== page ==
Here We Are: 44 Voices Write, Draw, and Speak About Feminism for the Real World (edited by Kelly Jensen)
Review by Lauren
source: personal copy; all opinions are my own
Official Summary (add to Goodreads): Forty-four writers, dancers, actors, and artists contribute essays, lists, poems, comics, and illustrations about everything from body positivity to romance to gender identity to intersectionality to the greatest girl friendships in fiction. Together, they share diverse perspectives on and insights into what feminism means and what it looks like. Come on in, turn the pages, and be inspired to find your own path to feminism by the awesome individuals in Here We Are.
Review: Do you believe in equality for everyone, regardless of sex, gender, race, etc.? Congratulations – you’re a feminist. Feminism has such a bad rap, and certain celebrities (not going to name names) aren’t helping with this by saying that they aren’t a feminist, they don’t hate men, etc. Feminism isn’t about hating men. Men can, and should, be feminists. While Here We Are was released for a teen audience, it’s something I think adults would get a lot out of too, so I do recommend it even if you’re no longer in high school (after all, I’m not, and I loved it).Do you believe in equality for everyone, regardless of sex, gender, race, etc.? Congratulations - you're a feminist. #feminism Click To Tweet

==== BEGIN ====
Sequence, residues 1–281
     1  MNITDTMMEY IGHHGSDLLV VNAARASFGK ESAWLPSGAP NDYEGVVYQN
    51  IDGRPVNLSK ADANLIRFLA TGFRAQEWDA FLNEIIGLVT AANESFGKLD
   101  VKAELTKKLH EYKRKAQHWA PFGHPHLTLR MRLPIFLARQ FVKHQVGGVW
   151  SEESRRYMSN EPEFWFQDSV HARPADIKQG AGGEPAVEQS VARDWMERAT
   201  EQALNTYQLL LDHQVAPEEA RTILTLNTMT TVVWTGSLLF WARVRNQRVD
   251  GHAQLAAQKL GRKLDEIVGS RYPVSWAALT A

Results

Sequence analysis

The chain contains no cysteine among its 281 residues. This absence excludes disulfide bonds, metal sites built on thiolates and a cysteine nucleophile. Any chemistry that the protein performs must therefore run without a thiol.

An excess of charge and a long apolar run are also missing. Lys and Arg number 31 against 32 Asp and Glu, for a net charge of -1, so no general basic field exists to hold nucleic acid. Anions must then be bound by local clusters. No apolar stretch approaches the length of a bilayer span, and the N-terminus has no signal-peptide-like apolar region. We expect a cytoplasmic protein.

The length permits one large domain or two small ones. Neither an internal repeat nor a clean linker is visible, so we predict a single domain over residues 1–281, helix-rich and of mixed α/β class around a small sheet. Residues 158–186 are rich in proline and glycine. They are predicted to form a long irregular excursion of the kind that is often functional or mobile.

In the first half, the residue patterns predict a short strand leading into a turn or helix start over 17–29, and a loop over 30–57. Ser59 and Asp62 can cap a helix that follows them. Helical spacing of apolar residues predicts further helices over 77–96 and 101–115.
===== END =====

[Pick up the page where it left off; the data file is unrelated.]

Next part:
Here We Are is a collection of poems, comics and art, interviews, and essays all about topics that fall under the umbrella term feminism. While most of the contributors are women, there are also men included. Some of the contributions were also published elsewhere, so you may have seen them already, but most of the book is new, which I appreciated. Granted, I hadn’t read most of the previously published items anyway, and I think that might be true for many of you.
There is a poem in the book called “Somewhere in America” by Zariya Allen that I really loved. As it’s National Poetry Month in April, I thought I’d share a little bit of it here (I bolded the lines that are bold in the book) –
Now somewhere in America there is a child holding a copy of
The Catcher in the Rye and there is a child holding a gun.
but only one of these things has been banned by their state government
and it’s not the one that can rip through flesh
it’s the one that says “Fuck you” on more pages than one
There are many more wonderful additions to the book, from names I recognized, and others I didn’t. While I didn’t personally relate to every single story, that doesn’t mean they weren’t important. There are essays and other work about body image, sexuality, being transgender, not wanting kids, being a male and a feminist, mental health, and so much more. And yes, they are all about feminism.
So tell me: would you read this book? Do you already identify as a feminist? Why or why not?
ETA: Leave a Mark Auctions are back – at least for a few more books. You can bid right now (open to international bids too) on an Annotated Copy of Her Every Fear by Peter Swanson. All proceeds benefit a little boy whose had multiple heart surgeries. Bid – and/or – learn more here.